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What is the correct model for a retail store? e.g. Company sells Products from Stores.

A company can have many stores and sell many products. The products aren't necessarily tied to each store, or so I would've thought.

I have a basic assignment, which asks that I design a system that calculates the economic order quantity of a product. We are supposed to implement a structure that will be suitable for a later assignment (for which we have no details..), and the advised structure is as follows:

public class Company {
    private Store store;

    public static void main(String[] args)
    {
        Store storeOne = new Store();

        storeOne.setEOQRelevantValues(1, etc..);
    }
}

public class Store {
    private Product product;

    //..

    public setEOQRelevantValues(int eoqRelevantValues)
    {
        Product.setEOQRelevantValues(eoqRelevantValues);
    }
}

public class Product{
    private int eoqRelevantValues;

    //..

    public setEOQRelevantValues(int eoqRelevantValues)
    {
        this.eoqRelevantValues = eoqRelevantValues;
    }

    public int calculateEOQ()
    {
        //do stuff with this.eoqRelevantValues..
        return EOQ;
    }
}

This seems to violate all of the little I know about OOP. Methods that pass data down through the hierarchy - duplicating parameters between objects? What am I missing?

share|improve this question
    
That looks to be a botched Composition setup, and definitely not a correct useful object-graph setup. I don't get why "Product is [supposed to be] a Store" or "Store is [supposed to be] a Product", for instance. Is that really what was shown/suggested? –  user166390 Apr 4 '12 at 7:44
    
@pst - yeah, the next assignment will require multiple stores and products under those stores. –  Thomas Apr 4 '12 at 11:08

1 Answer 1

up vote 2 down vote accepted

You're correct to be concerned in that it would be unusual to initialise a hierarchy of objects by passing in all the parameters from the top down.

Your lecturer may be hinting that you implement something along the lines of the Composite pattern, whereby each class in the hierarchy shares a common method (e.g. getValue()). In the case of a Product (i.e. leaf node) this would simply return the product's value, whereas in the case of a Store or Company it would iterate over the constituent Products (or Stores), calling getValue() and summing the result.

The key difference between this and what you've written above is that you would typically initialise each Product individually via its constructor, rather than by passing in the data from another object. If the product is immutable you might choose to mark its fields as final. You might then choose to add utility methods to other classes in the hierarchy (e.g. moveProduct(Store store1, Store store1)); In other words the other classes would then exhibit behaviour rather than just being "data containers".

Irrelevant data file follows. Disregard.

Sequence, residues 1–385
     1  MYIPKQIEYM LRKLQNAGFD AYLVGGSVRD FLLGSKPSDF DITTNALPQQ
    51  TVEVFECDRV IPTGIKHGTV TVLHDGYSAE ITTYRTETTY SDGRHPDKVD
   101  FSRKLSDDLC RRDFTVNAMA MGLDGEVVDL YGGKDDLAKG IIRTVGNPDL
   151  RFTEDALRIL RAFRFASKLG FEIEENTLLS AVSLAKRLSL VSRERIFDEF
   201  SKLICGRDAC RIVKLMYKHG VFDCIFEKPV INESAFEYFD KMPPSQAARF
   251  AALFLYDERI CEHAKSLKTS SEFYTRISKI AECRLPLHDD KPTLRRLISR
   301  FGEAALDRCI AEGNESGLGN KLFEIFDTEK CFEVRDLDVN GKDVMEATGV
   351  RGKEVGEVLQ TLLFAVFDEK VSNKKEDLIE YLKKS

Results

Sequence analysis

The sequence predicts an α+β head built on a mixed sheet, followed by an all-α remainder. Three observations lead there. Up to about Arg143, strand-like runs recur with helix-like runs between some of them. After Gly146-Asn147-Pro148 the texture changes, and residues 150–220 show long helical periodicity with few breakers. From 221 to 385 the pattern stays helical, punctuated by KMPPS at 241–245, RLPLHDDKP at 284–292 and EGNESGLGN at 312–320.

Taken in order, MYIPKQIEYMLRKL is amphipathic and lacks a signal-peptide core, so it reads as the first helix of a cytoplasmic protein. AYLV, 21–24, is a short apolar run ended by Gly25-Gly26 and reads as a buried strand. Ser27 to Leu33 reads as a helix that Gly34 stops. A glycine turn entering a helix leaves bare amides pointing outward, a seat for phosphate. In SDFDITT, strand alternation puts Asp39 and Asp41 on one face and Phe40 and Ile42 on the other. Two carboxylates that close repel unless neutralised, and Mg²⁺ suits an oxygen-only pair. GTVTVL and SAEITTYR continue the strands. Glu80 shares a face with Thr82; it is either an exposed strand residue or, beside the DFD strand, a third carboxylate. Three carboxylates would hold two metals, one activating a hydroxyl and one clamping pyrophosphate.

Example

/**
 * Optional interface for uniting anything that can be valued.
 */
public interface Valuable {
  double getValue();
}

/**
 * Company definition.  A company's value is assessed by summing
 * the value of each of its constituent Stores.
 */
public class Company implements Valuable {
  private final Set<Store> stores = new HashSet<Store>();

  public void addStore(Store store) {
    this.stores.add(store);
  }

  public void removeStore(Store store) {
    this.stores.remove(store);
  }

  public double getValue() {
    double ret = 0.0;

    for (Store store : stores) {
      ret += store.getValue();
    }

    return ret;
  }
}

/**
 * Store definition.  A store's value is the sum of the Products contained within it.
 */
public class Store implements Valuable {
  private final List<Product> products = new LinkedList<Product>();

  public void addProduct(Product product) {
    this.products.add(product);
  }

  public void removeProduct(Product product) {
    this.products.remove(product);
  }

  public double getValue() {
    double ret = 0.0;

    for (Product product : products) {
      ret += product.getValue();
    }

    return ret;
  }
}

/**
 * Product definition.  A product has a fixed inherent value.  However, you could
 * always model a product to depreciate in value over time based on a shelf-life, etc.
 * In this case you might wish to change the Valuable interface to accept a parameter;
 * e.g. depreciationStrategy.
 */
public class Product implements Valuable {
  private final double value;

  public Product(double value) {
    this.value = value;
  }

  public double getValue() {
    return value;
  }
}
share|improve this answer
    
Thank you for your response. I had a read over the Composite pattern but it seems a little above me at this stage and I'm struggling to grasp what you mean. Is there any chance you could provide a brief code sample? :) Thanks –  Thomas Apr 4 '12 at 11:10
    
@Thomas: Example added. –  Adamski Apr 4 '12 at 11:48

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